Braeden shared that the idea for his memoir came from “family members” and “various friends.” “That’s how it finally came about,” he said.
Although writing this book was not a cathartic process for the actor, he noted that the hardest part of the writing process was to avoid making political comments. “There was nothing really new about it,” he said.
On his plans for the future, he said, “To stay healthy and to keep on working, as well as to continue working out, and to keep reading and to keep informing myself. Also, to keep observing the political process in this country.”
When asked if there were going to be any more books in the future, Braeden responded, “Perhaps. Only to talk about my political observations.”
On his daily motivations, he said, “Trying to make the scene as real as I can. That motivates me every day as work.”
Regarding his proudest professional moments, Braeden said, “Having survived in the business for as long as I have. Getting a star on the Hollywood Walk of Fame was an extremely touching moment for me, and many others, but that I must say, was a very touching moment.” “The star on the Hollywood Walk of Fame is something permanent. It came after a lifetime of working in this business,” he added.
He described his 1998 Emmy win for “Outstanding Lead Actor in a Drama Series” as yet another “nice” moment.
For one to go into the acting profession, Braeden underscored that it is essential to enjoy the process of acting. “You find that out by doing small theater, and by taking some acting classes. Most importantly, doing theater. Don’t do it because someone told you that you are good looking,” he explained. “If you go about it that way, I will assure you that you will be a failure. I guarantee you will fall on your ass, and you will fail. It leaves you with an empty feeling. You need to study acting!”
Braeden revealed that the soap opera world is the hardest medium for an actor there is. “People outside that world have no clue what goes into a soap each day. It is much harder than a film and nighttime television. The record I did was one month ago was 74 pages of script in one day. The most I’ve done before was 62 pages. That is me, personally. Many of us do, anywhere from 10 to 40 pages a day. The company does at least 120 pages a day. That is unheard of,” he explained. “Back in Titanic, we did two pages a day. A nighttime series does about seven to 10 pages a day. It is amazing how good my fellow actors are. It is wonderful to watch.”
Looking back over the last three decades, Braeden admitted that he does not have any regrets. “I don’t spent time regretting things,” he said. “I am very grateful to Bill Bell who started the whole thing and casted me in it. Beyond that, I am happy about my three granddaughters, and my son is doing very well.”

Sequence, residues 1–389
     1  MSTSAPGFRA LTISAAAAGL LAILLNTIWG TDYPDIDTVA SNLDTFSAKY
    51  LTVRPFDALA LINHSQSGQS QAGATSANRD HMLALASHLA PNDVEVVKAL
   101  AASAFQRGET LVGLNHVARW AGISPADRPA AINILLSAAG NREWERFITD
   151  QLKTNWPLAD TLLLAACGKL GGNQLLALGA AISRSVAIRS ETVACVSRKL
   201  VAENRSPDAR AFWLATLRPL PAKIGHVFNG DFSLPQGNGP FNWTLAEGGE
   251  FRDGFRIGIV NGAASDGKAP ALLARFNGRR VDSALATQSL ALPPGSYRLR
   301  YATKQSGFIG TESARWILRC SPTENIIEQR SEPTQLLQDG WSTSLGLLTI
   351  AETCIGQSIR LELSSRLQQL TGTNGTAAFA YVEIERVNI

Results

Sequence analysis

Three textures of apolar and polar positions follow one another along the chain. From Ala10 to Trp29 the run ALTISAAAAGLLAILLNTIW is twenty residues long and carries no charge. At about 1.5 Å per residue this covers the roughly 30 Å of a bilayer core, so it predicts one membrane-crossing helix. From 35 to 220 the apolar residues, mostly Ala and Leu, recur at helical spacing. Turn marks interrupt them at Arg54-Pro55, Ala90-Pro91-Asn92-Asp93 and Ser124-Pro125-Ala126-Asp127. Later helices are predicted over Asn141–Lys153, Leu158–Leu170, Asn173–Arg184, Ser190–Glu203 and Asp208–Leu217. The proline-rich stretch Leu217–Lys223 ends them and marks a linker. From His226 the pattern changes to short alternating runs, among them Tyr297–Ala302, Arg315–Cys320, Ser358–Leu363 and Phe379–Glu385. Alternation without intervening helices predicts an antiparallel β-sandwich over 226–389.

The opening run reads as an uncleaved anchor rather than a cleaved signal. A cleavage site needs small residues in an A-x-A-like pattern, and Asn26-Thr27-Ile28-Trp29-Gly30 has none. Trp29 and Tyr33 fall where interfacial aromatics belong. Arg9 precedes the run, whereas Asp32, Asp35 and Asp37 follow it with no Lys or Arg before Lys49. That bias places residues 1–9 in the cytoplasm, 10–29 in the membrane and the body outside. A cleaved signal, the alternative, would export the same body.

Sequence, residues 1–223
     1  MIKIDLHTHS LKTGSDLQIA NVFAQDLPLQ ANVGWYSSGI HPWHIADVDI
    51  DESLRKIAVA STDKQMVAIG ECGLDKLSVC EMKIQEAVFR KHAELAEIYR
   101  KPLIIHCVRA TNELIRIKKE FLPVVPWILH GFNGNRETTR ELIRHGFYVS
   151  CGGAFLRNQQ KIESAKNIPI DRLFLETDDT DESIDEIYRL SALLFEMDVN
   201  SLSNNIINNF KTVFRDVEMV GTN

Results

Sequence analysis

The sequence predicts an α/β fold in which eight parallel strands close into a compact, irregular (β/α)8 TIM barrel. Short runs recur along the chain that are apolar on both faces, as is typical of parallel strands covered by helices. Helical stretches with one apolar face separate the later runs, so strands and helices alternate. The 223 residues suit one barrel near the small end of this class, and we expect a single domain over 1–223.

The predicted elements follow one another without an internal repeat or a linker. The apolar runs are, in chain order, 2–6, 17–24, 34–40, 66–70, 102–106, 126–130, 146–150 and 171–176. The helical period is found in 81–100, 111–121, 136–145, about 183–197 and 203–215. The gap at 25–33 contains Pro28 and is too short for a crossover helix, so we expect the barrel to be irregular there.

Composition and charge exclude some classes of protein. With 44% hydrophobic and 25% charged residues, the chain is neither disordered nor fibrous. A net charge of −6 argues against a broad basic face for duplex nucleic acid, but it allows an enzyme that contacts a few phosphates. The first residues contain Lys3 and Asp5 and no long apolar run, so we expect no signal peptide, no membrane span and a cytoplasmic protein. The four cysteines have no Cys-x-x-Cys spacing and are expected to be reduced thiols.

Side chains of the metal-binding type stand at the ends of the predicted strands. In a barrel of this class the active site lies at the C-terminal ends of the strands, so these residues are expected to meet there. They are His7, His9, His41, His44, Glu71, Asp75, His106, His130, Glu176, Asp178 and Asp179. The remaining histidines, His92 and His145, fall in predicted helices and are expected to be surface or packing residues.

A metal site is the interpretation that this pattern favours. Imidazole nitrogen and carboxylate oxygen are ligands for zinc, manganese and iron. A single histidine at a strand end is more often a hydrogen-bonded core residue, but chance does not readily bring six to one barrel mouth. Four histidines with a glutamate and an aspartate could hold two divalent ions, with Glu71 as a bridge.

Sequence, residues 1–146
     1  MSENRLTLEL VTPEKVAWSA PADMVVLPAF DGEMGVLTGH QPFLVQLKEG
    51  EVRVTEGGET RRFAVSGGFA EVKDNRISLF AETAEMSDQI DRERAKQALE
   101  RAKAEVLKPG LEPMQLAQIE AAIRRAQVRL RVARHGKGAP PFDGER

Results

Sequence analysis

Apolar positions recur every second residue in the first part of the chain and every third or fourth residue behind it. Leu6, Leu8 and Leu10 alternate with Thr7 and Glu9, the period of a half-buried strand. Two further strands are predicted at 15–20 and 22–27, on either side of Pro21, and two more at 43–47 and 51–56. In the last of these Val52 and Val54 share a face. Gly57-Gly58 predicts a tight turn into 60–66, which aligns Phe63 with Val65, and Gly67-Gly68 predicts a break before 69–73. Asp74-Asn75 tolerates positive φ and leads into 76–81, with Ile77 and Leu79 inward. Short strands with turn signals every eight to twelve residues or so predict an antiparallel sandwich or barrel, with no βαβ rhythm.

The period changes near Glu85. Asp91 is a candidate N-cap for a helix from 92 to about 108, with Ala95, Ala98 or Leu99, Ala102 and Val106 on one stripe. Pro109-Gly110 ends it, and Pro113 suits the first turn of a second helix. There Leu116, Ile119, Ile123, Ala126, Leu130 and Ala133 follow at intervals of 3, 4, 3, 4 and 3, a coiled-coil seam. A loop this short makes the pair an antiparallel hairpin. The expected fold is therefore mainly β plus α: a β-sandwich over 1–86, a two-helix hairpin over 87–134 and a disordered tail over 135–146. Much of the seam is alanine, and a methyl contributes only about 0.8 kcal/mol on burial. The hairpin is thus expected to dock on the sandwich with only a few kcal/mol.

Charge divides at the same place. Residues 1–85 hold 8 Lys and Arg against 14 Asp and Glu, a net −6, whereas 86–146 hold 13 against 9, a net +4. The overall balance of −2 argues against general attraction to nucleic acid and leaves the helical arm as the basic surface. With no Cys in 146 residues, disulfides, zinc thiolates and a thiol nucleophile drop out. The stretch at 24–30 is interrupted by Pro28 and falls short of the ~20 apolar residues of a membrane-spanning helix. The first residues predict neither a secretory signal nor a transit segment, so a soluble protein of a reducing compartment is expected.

20 years ago, The Titanic was released, where Braeden portrayed John Jacob Astor IV, the richest man on the ship. “James Cameron is a genius. I admire him a lot,” he said, praising his Titanic director.
Although he has yet to visit Greece, Braeden noted that he would love to someday visit the European country. “The show plays in Greece. I have such enormous and deep respect for the Greek thinkers. It is an extraordinary society and culture. The Odyssey and The Iliad, and Greek history are so extraordinary. I would love to spend some time in that country. I love its culture and its history,” he said.
He defined the word success as “Having become wiser, content with what you have, and being able to stay healthy.” “Obviously, you’ve made some money to live somewhat comfortably, and it means having good friendships and family life,” he said.
The iconic actor stays connected with his fans via his social networks, Facebook and Twitter, and the most impressive part is that he runs them himself, to have that direct one-on-one contact with his fans. “I answer everything myself,” he said. “I am very grateful to my fans. They have been very loyal, and appreciative as they are. That means a lot to me.”
Digital transformation of the entertainment industry
On the impact of technology on the entertainment business, Braeden said, “It certainly has made communications faster, which is not necessarily better, and it has obviously made a lot of people ignore red or yellow lights, and ignore traffic when they have their earphones on, and they listen to their phones. In the business world, Netflix and Amazon make very good films, because they stay away from interfering from what actors and directors do. In that sense, things have changed. Obviously, there is an enormous power aggregated in fewer hands, the Amazons and Googles of the world, and that is something we need to watch carefully, in that it is not being abused. It used to be taught in economics classes, that the more power aggregated in one hand, the less efficient it becomes, but that does not seem to be the case with all the new tech companies. The larger they are, the more productive, they are. It’s a whole new paradigm.”
In his daily routine, as a soap actor, Braeden shared that he uses his cell phone. “Sometimes, they send a script via a computer or the cell phone, and I’ll take a look at it, but beyond that no,” he explained. “I prefer hard copies.”
To learn more about veteran actor Eric Braden and his new book, check out his official website.
Read More: Digital Journal reviewed Eric Braeden’s autobiography I’ll Be Damned.